It’s fun to talk about corporate manipulations or how some entities are slowly taking over the legislative process in the US, but sometimes it’s also fun to kick back and just look around to see some pretty basic – but cool nonetheless – manipulations around us. Hence, introducing the first installment of our Everyday Manipulation Roundup!

Let’s start with a game that you all have probably played at one time or another.

Most people know Monopoly. It’s a game that’s been around since 1935, and while Hasbro has always suggested that it was a game made by an unemployed salesman, it was actually lifted pretty much wholesale from another game called the Landlord’s Game, a 1904 game made by a Quaker, actually. A Quaker woman. But that’s not the point. The point was that, in the Landlord’s Game, there was a crucial second round after all the properties were bought. The whole point of the Landlord’s Game was to show how evil monopolies were, and how landlord profited unfairly from tenants, which is what the second round was all about. Hasbro basically removed the last round and created the game as we know it today (they did pay the original inventor $500, on the plus side), where the goal of the game is to build a monopoly. Basically, every game of Monopoly in the world today is essentially the exact opposite of what the game was originally meant to highlight.

What’s that? You don’t play Monopoly? Well, do you drink Coke?

Now with less cocaine!


Coke pretty much started out as a manipulation, as it was sold as a ‘cure all’ drink that could heal depression, physical ailments, and many, many more things. Today, it spends $2.5B on marketing to make sure that its image is polished and wholesome, but it is a company that still hearkens back to its manipulative origins once in a while. In the 1990s, for example, Coke began to worry about market saturation, and decided to focus on the clients of tomorrow – children. Marketers believed that brand attachments form early on, and so decided to not wait for children to go to them, but rather go to the children themselves. And since children were in school, Coke decided to focus on “pouring contracts“. Pouring contracts were essentially payoffs – in exchange for money paid to the school, the school agreed to serve Coke elusively on the premise (often excluding juices, for example, or bottled water of various types). The company spent millions of dollars on these pouring contracts, and they largely worked, at least in the US – an entire generation of consumers grew up on Coke products and became new consumers.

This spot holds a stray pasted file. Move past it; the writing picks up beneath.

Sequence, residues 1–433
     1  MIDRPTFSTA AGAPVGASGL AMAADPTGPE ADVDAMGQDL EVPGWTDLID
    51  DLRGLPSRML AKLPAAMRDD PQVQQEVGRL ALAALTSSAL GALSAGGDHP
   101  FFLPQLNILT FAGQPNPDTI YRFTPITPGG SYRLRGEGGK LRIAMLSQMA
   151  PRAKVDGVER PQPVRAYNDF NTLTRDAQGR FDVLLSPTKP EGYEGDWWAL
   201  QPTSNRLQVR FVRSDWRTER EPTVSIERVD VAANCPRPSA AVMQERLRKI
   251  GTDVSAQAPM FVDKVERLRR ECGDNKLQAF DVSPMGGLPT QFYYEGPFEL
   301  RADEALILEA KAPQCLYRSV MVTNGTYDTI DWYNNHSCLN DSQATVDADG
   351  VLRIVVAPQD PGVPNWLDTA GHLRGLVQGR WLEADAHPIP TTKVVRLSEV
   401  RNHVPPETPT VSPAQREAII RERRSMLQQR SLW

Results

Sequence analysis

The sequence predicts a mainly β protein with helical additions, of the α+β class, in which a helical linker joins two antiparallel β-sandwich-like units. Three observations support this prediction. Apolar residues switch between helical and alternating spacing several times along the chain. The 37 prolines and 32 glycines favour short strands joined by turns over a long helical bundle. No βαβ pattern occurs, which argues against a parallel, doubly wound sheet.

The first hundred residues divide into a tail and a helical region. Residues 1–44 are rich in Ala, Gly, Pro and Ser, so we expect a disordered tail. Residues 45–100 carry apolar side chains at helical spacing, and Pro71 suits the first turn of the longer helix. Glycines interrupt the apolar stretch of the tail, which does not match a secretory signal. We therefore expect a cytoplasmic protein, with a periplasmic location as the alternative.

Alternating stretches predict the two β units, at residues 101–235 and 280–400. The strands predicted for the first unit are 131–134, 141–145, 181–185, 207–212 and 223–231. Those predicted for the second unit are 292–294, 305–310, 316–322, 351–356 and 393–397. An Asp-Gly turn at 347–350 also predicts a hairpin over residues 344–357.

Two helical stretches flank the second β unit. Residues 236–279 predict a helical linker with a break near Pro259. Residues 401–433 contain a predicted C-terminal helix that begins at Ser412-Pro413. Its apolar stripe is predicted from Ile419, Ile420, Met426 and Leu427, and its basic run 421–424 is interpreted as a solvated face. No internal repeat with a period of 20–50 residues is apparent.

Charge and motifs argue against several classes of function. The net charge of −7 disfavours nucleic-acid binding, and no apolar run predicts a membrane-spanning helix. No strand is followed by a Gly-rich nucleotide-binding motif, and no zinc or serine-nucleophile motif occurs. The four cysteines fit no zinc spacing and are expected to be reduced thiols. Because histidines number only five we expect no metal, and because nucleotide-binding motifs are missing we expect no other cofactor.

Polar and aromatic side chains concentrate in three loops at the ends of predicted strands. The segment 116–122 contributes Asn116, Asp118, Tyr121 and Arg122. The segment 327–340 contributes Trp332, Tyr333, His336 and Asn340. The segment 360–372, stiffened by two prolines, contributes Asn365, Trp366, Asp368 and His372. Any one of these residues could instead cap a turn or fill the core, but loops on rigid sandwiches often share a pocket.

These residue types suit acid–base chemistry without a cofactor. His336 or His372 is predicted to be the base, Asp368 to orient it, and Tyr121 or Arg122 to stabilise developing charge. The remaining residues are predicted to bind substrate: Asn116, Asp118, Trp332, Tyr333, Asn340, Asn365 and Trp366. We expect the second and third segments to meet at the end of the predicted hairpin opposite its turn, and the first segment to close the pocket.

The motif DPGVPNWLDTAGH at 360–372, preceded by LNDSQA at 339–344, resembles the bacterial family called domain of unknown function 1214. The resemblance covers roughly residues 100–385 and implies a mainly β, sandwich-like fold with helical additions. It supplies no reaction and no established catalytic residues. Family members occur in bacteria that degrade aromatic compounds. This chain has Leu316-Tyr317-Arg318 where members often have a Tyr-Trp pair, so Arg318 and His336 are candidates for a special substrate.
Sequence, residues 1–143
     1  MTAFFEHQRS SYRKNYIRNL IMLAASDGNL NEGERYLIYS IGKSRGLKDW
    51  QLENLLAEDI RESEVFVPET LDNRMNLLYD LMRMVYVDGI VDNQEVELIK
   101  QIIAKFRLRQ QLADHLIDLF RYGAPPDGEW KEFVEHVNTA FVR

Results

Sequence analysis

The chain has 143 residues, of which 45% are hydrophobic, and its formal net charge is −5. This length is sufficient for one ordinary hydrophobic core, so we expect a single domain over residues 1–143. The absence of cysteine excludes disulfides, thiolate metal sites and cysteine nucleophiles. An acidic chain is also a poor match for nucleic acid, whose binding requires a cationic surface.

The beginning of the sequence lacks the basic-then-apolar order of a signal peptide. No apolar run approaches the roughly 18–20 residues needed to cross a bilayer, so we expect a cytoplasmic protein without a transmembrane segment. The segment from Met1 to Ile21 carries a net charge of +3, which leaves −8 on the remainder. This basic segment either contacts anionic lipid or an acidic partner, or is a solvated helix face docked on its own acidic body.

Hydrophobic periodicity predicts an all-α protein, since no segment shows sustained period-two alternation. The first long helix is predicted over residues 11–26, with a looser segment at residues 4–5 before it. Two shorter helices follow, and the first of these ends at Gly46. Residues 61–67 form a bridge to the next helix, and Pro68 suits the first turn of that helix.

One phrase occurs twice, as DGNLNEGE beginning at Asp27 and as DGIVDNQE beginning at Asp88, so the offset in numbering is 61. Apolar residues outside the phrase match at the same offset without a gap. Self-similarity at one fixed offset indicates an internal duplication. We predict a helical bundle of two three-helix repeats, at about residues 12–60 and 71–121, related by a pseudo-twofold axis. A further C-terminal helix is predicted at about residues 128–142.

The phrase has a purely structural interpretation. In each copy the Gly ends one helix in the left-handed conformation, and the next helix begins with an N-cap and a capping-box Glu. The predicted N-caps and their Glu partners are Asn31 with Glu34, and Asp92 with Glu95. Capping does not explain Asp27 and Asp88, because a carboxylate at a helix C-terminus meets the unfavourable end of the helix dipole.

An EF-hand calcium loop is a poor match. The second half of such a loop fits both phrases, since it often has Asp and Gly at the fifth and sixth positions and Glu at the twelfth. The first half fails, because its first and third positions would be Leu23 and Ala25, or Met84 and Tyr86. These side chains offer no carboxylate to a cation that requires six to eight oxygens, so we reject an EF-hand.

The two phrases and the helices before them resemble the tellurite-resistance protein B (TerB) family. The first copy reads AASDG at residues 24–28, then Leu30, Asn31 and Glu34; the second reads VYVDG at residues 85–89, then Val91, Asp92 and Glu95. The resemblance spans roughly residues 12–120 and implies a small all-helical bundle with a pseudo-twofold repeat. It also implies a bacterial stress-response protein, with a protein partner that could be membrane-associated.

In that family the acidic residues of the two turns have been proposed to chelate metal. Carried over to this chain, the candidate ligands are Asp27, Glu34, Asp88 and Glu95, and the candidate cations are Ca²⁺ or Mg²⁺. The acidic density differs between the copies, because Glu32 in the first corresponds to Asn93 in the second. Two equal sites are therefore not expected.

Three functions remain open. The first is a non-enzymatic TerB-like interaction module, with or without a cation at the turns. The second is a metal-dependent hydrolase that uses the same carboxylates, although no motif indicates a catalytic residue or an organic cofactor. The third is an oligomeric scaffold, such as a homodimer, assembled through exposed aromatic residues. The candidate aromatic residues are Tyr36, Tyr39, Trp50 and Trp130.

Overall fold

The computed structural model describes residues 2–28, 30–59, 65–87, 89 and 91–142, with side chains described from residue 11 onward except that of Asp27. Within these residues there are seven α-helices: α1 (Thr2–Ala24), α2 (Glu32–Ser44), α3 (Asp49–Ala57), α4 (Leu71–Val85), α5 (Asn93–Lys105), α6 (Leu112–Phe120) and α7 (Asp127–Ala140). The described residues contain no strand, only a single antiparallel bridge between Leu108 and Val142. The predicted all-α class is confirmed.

It is my best - and only - choice for beverage.


Not a big coke drinker, eh? Well, do you like tanning?


Yes. Yes, I do.

Sunscreen creams have always been a little dubious. The SPF factor, for example, is supposed to reflect how much longer you can stay out with the cream than without. An SPF of 10, for example, means that you can stay out 10X longer with the cream than without. Execpt, of course, when it doesn’t – most high SPF factors are meaningless. An SPF of 100, for example, means exactly nothing. It turns out that lotion companies can pretty much put anything they want on their labels.

SPF 500. For Vampires and other light-fearing Undead.

Another example is “broad spectrum protection”. You’ve seen the label, and probably assumed that it meant that the lotion protected you from UVa and UVb rays, right? Turns out it doesn’t. UVb is what creates burn (and the protection that the SPF rating was originally meant to measure). UVa is responsible for skin cancer. The bad news is that lotions don’t tend to block UVa, and, even worse, most lotions use chemicals which are increasingly linked to various skin cancers. But since “does not protect from skin cancer and may actually cause a fair number of them” does not sound as cool as “broad spectrum protection”, manufacturers decided to go with the latter.


Hm… You don’t tan much, you say? Well, you do eat breakfast, right?


Part of a breakfast. Not a nutritional breakfast, mind you, but technically part of a breakfast.